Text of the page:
PopMatters is moving to WordPress in December. We will continue to publish on this site as we work on the move. We aim to make it a seamless experience for readers.

Reviews

'The Love Song of A. Jerome Minkoff' Continues to Show Just How Talented Joseph Epstein Is

Photo (partial) found on Art of Manliness.com

Joseph Epstein, one of the most admired essayists in American literature, turns his focus to storytelling in his latest book.


The Love Song of A. Jerome Minkoff

Publisher: Houghton Mifflin Harcourt
Length: 272 pages
Author: Joseph Epstein
Price: $24.00
Format: Hardcover
Publication date: 2010-06
Amazon

I recall, back in my student days at Oxford, a classmate who had each issue of The American Scholar shipped to her from across the pond primarily to read the essays by the mysterious contributor Aristides. I came to share my friend’s enthusiasm for this essayist, who was almost a throwback to an earlier age in his erudition and beautifully constructed prose. On any topic, even the most commonplace -- napping, gossip, pets, aging -- Aristides would craft rich expositions that could serve as models of English composition.

Aristides, as it turns out, was a pseudonym for Joseph Epstein, editor of The American Scholar from 1975 to 1997. Since his departure from that periodical, he has continued to show off his stylish prose in a series of discursive books, including volumes devoted to snobbery, friendship, and envy. However, I never had the chance to read Epstein’s fiction until I encountered his latest book, entitled The Love Song of A. Jerome Minkoff. In these 14 stories, Epstein moves away from the expansive topics of his essays, and presents small-scale vignettes, most of them focusing on post-WWII Jewish life in Chicago.

I had some trepidations about reading this book. Epstein’s writing talent seems so well suited for the general -- he has usually picked the most amorphous topics for his books and essays -- that I doubted he could shift gears and do justice to the particular. The great essayist, I feared, might be a sub-par storyteller. Yet I walk away a true believer. In story after story in this collection, he presents vivid characters, well-paced narratives, perky dialogue and solid plots. Hey, he now makes me wonder why he has spent all those years writing non-fiction.

Epstein’s achievement is all the more impressive when one considers the constraints he imposes on himself in these stories. Many of his characters are in their 70s or 80s. They have often spent their lives in ho-hum pursuits -- selling auto parts or plumbing fixtures -- and now have few ambitions or unfulfilled dreams, if they ever did. But they do have regrets, memories and lingering relationships, and these present their own elements of drama and crisis.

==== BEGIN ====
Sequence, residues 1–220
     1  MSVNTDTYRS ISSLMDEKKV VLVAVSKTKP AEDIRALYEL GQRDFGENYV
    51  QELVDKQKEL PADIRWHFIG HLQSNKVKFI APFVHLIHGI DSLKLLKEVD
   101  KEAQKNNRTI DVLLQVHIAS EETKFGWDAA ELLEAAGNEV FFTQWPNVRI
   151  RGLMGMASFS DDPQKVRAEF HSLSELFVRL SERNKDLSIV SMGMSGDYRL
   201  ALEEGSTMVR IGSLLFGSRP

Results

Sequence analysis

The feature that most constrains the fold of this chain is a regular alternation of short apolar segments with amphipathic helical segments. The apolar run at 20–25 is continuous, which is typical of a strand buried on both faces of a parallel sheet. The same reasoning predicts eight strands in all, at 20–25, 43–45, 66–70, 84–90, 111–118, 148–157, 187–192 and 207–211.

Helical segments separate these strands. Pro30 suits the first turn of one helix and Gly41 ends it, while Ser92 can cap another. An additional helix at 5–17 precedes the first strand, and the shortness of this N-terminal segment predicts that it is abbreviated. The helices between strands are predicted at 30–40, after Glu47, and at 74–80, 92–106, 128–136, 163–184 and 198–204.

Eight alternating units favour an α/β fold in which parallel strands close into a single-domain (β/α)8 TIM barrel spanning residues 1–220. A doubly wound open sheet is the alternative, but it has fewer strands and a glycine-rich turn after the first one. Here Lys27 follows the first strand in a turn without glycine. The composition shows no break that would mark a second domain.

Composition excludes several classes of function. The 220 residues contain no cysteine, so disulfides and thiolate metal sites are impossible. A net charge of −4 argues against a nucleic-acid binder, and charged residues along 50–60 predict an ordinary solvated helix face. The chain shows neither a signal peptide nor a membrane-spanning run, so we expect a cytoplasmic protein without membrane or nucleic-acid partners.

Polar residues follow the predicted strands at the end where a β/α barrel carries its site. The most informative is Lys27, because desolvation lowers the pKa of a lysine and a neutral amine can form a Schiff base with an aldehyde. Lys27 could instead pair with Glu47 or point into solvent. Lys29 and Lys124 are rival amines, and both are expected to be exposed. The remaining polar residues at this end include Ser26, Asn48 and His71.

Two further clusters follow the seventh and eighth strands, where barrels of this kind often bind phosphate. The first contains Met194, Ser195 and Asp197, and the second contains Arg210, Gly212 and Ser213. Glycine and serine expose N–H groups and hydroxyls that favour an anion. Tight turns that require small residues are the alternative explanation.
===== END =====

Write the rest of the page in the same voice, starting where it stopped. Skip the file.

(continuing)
In one story, Jerry Mandel encounters a childhood friend who was the star junior tennis player in the Chicago area, but is now selling lightbulbs at Home Depot. In another tale, David Siegel befriends a Muslim street person, but soon finds that his acts of charity lead to unintended, and perhaps dangerous, consequences. Widower Milton Kuperman, who figures in another story, has spent his life buying and selling closeout items, but now he starts dating a woman who only wants to attend concerts of classical music. The set-ups are simple enough, but Epstein makes each account compelling, surprising, and true to life.

Some of the characters escape the practicalities of the real world to become authors or philosophers. Most here have come to expect that their moments of great achievement will be grounded in everyday matters. I kept on finding myself reminded of the wealthy family in Henry James’ The Ambassadors, who are too embarrassed to admit where the money comes from, merely hinting that it derives from “a small, trivial, rather ridiculous object of the commonest domestic use” yet one lacking in “dignity”.

In Epstein’s stories, most characters make their living in similarly banal ways. Here people keep saying things like: “Where you make your dough is in buying. Any shmegegge can move the goods if the price is right.” Or: “You don’t become an accountant. You hire an accountant.” Or we peek in on Kuperman’s mind when, while listening to a Handel oratorio: he agonizes over a close-out purchase he had just made of a lot of out-of-fashion ties -- but finally consoles himself with the thought: “At eight cents a shot, how could he go wrong?”

Even Kuperman, though, transcends the here-and-now and has his moment of ecstasy. This recurring turnaround, the moment of self-discovery in his stories, may be Epstein’s greatest achievement. At an age when most pressing matters should be resolved, his characters still have the capacity to surprise themselves and others. Perhaps the same is true of Epstein, the longstanding master of the essay, who shows here his remarkable talent for fiction.